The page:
Realization: How do I make a difference?

A journey through COVID-19

May 1, 2020
 

 

 

Achim Mossmann

Achim Mossmann

Principal, Tax, KPMG LLP (US)

+1 212-954-6812

Katherine Avery

Katherine Avery

Principal, Global Mobility Services, KPMG US

+1 408-367-2237

Robert Smith

Robert Smith

Senior Manager, Tax, Global Mobility Services, KPMG US

+1 408-367-2787

A quick note: Regress vs. progress

As we noted in our last article on the Inaction stage, you have reached a key point in the COVID-19 curve where you may regress into Fear and Crisis Management or move forward into Realization. Forward and backward momentum may happen as new information emerges or external factors change. Therefore, the re-emergence of Fear is not a failure on the part of your Crisis Management response but can be caused by factors beyond your control. The real test of success is whether you can leave behind the original Fear response and move forward into Realization.


Emerging from Inaction: Learning and adapting

As an individual and organization, you’ve now reached and experienced the point of Inaction, a time of self-reflection and decreased productivity, and are now ready to move into the next phase, Realization – a review on past actions with an emphasis on learning and improving.

Realization is critical to ongoing organizational success as it provides a point-in-time review of past work viewed through a future-ready lens. In this phase, learning is the currency and adapting is the key to success.

This phase starts with a review of past successes and failures within your response plan, program, and your overall business framework. Being truthful and objective in this review is essential in emerging stronger and should be an imperative. This is a time to make critical judgements, voice concerns, and honestly define what is and isn’t working. The goal: to transform your business operations.

This will ultimately answer the question: “How do I make a difference?”

Embracing Realization: Hit the restart button

In business when there’s a downturn, transformation occurs. This is true for all parts of the business including HR and Mobility. Realization is one of the most important phases of the COVID-19 curve because it requires a level of both personal and organizational objectivity that may be uncomfortable but is critical for transformation.

As a mobility/HR professional, your role during this time is two-fold. One, cultivate or reinforce a culture of honesty and openness and, two, ignite the motivation in individuals to come out of the Inaction phase with a heightened interest in future organizational success.

What’s key here is to learn, generate new ideas, and define how to do things differently. Our checklist below is designed to help start this process providing themes that have emerged throughout our response to COVID-19. Transformation begins with an understanding that things will not go back to the way they were and that we have to create and embrace a “new normal.” Many things, both in business and our personal lives, have changed requiring us to adapt and transform – going back to “the way things were” is not going to be a viable option.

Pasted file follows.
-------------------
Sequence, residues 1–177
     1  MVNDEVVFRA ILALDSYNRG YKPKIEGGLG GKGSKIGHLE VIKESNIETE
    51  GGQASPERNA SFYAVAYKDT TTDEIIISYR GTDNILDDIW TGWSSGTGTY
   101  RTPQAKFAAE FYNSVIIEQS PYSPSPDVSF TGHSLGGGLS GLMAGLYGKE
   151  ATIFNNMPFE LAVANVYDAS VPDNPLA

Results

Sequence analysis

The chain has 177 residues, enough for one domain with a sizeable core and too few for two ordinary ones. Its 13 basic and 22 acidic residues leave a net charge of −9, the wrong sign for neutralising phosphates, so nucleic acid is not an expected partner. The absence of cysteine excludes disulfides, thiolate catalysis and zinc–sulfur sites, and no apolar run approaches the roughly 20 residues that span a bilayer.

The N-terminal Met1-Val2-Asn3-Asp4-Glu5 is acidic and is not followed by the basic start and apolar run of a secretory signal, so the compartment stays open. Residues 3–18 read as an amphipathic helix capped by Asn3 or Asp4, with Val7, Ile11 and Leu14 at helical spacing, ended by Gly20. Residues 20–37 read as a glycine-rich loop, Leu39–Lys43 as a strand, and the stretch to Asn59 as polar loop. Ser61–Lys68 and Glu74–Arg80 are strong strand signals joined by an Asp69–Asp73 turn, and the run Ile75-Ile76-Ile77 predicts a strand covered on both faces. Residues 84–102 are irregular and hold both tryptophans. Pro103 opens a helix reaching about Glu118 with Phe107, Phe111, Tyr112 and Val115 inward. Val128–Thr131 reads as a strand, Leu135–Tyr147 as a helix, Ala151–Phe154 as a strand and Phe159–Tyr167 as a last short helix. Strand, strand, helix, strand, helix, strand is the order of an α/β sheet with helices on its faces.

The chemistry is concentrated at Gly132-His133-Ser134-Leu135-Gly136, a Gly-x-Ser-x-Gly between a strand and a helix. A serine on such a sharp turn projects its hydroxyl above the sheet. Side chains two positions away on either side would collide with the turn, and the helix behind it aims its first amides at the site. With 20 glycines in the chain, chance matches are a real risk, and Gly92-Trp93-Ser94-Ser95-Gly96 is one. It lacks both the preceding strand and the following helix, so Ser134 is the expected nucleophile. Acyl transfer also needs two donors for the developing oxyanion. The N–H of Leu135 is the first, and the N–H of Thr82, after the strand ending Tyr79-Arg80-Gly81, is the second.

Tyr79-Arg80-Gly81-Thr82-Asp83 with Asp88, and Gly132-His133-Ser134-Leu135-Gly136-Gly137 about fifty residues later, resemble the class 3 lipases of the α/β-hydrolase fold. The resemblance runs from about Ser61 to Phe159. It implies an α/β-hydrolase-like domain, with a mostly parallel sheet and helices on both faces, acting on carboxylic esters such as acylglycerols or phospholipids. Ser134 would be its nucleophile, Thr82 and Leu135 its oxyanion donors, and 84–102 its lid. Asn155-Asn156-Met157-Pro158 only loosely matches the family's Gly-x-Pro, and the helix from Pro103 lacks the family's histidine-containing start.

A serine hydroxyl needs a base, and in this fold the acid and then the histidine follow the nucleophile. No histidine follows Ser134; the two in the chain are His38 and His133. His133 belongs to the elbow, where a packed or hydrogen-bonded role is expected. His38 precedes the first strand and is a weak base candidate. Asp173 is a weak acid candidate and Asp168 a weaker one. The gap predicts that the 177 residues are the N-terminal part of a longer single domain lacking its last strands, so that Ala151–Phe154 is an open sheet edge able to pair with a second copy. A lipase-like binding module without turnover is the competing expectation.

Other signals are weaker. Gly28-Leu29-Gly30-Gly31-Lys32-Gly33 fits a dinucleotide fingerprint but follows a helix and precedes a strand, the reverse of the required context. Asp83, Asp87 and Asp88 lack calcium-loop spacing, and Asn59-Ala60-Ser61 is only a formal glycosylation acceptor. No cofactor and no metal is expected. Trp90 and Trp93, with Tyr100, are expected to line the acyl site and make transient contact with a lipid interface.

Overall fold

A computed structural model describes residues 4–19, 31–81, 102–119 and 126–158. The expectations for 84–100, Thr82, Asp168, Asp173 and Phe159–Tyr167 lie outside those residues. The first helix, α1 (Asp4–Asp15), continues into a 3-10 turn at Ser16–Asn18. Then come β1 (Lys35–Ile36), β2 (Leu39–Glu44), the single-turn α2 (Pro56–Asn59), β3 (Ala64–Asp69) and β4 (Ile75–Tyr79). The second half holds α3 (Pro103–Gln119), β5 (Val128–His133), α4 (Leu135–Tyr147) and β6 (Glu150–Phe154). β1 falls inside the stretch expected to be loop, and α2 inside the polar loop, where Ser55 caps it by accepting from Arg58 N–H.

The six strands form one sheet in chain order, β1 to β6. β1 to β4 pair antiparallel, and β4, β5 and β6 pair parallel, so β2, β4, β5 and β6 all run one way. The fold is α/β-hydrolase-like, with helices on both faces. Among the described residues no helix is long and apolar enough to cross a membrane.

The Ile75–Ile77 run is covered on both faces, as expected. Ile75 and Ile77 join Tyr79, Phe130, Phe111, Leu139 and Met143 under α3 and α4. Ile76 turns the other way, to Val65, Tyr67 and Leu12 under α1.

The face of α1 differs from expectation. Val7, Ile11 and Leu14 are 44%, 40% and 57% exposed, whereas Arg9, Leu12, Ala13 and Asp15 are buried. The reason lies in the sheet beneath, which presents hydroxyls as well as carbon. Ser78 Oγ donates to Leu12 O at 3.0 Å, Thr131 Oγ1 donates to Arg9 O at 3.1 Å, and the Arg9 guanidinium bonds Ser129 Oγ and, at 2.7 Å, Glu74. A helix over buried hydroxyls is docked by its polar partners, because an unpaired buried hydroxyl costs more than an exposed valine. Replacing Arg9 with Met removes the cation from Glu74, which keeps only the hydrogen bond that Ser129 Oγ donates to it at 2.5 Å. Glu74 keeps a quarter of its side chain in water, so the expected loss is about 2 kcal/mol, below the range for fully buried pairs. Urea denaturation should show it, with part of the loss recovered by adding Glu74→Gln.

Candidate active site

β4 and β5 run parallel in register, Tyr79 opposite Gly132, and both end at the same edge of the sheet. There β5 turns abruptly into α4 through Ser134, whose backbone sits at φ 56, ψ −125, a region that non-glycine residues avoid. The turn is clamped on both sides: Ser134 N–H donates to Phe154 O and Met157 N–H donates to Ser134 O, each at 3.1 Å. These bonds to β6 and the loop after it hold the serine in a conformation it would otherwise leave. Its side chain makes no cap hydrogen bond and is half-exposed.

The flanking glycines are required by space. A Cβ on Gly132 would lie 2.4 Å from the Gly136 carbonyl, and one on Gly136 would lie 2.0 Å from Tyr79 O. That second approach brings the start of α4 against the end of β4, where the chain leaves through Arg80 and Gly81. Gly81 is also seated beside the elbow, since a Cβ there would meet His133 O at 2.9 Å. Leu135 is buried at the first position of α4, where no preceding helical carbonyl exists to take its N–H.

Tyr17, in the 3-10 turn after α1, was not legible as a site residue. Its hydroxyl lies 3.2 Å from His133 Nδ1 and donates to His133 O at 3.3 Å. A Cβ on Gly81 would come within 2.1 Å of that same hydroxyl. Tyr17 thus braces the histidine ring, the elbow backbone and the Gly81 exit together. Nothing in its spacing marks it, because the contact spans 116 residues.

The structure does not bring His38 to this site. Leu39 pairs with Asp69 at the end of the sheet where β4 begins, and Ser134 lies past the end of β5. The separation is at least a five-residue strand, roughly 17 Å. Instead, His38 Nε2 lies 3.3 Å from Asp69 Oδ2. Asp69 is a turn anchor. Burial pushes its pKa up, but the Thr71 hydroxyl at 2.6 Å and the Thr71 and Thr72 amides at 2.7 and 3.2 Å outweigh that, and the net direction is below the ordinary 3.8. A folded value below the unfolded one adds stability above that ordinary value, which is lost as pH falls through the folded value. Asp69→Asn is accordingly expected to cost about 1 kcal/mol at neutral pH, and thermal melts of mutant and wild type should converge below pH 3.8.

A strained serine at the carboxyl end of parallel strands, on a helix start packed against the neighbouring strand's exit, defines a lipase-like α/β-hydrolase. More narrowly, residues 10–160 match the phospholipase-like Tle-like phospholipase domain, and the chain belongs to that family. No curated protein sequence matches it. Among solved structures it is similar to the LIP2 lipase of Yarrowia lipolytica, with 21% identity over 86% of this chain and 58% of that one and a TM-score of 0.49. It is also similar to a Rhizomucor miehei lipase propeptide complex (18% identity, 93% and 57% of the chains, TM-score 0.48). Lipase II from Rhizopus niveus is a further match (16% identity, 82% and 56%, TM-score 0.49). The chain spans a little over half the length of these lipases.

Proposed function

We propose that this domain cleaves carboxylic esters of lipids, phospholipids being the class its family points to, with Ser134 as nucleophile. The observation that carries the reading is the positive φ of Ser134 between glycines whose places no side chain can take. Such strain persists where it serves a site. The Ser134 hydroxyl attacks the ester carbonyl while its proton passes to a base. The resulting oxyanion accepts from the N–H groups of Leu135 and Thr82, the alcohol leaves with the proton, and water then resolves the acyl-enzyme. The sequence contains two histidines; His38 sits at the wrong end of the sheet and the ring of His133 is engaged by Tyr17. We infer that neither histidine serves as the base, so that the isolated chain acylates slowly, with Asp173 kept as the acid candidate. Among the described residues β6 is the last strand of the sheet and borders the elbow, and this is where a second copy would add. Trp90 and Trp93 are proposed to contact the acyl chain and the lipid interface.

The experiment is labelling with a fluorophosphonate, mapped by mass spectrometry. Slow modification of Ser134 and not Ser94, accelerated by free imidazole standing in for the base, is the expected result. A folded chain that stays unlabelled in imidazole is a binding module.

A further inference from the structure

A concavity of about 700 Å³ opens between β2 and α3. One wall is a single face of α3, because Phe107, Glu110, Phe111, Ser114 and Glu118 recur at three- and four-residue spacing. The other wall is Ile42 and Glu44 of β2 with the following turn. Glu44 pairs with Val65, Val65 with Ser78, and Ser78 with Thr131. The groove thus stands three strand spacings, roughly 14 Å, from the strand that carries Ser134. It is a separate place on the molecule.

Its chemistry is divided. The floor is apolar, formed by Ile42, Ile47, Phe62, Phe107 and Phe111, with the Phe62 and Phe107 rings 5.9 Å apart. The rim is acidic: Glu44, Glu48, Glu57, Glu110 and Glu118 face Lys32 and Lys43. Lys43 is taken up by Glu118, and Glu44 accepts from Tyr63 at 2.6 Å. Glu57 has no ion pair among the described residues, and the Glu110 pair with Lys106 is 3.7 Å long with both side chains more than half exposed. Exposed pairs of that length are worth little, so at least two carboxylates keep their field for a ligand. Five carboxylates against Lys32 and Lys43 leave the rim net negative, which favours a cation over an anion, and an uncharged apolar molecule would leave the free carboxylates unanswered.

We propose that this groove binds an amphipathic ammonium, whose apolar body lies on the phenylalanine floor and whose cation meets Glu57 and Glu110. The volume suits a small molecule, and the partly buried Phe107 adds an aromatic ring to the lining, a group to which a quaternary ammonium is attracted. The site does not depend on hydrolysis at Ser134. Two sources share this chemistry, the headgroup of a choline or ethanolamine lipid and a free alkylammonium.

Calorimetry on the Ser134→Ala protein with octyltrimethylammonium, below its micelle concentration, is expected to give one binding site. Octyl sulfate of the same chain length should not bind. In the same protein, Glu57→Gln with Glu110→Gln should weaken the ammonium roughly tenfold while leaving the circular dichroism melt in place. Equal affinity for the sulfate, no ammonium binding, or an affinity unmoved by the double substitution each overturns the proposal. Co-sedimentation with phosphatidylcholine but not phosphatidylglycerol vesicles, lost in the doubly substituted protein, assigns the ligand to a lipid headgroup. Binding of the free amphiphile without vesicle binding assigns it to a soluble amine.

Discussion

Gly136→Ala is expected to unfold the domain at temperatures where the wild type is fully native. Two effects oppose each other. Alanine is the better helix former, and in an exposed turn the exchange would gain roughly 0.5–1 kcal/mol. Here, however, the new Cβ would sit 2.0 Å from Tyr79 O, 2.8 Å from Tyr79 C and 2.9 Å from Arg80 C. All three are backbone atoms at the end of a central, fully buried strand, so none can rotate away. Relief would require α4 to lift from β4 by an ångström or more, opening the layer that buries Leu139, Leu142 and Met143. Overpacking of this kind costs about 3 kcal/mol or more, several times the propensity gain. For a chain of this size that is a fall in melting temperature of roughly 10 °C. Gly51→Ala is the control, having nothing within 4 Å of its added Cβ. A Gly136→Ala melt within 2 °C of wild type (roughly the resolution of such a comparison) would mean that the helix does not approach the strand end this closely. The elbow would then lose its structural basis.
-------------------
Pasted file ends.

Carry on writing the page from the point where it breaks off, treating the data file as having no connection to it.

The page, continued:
Learning, adapting, and transforming make up the Realization phase. To provide you with a pragmatic approach to move through Realization, we have included a Business Transformation Checklist. This checklist addresses what we are hearing in the marketplace and highlights key themes that have emerged during COVID-19.

Business Transformation Checklist


People:


Currently, most companies are not repatriating the majority of assignees but are allowing them to remain in host locations. Companies have also suspended the majority of upcoming assignments with plans to resume assignments as soon as feasibly possible. This has led to an emphasis on global work flexibility and alternative work arrangements from working remotely during shelter-in-place regulations to working from other locations or countries. Repatriation is currently being handled on a one-off basis by most organizations.

Companies that can do so have allowed employees to change their working arrangements while maintaining salary and benefit packages. This is driving more positive feedback on work from home arrangements. We fully anticipate work from home or “Work Anywhere” arrangements to continue for several months with many becoming an ongoing part of a company’s corporate culture.

What this means for Realization: COVID-19 has forced us to learn to “Work Anywhere” and how to adapt to new work arrangements and technology. Important to note is that while physical connectivity has decreased, connecting with others, even virtually, is vital to both personal and professional success.

Some things to consider:

  • Did your mobile workforce receive the right amount of support when and how they needed it?
  • Did your mobile workforce receive the effective just-in-time communications?
  • Did your mobile employees have a choice to evacuate or stay? What are the longer-term consequences of these choices?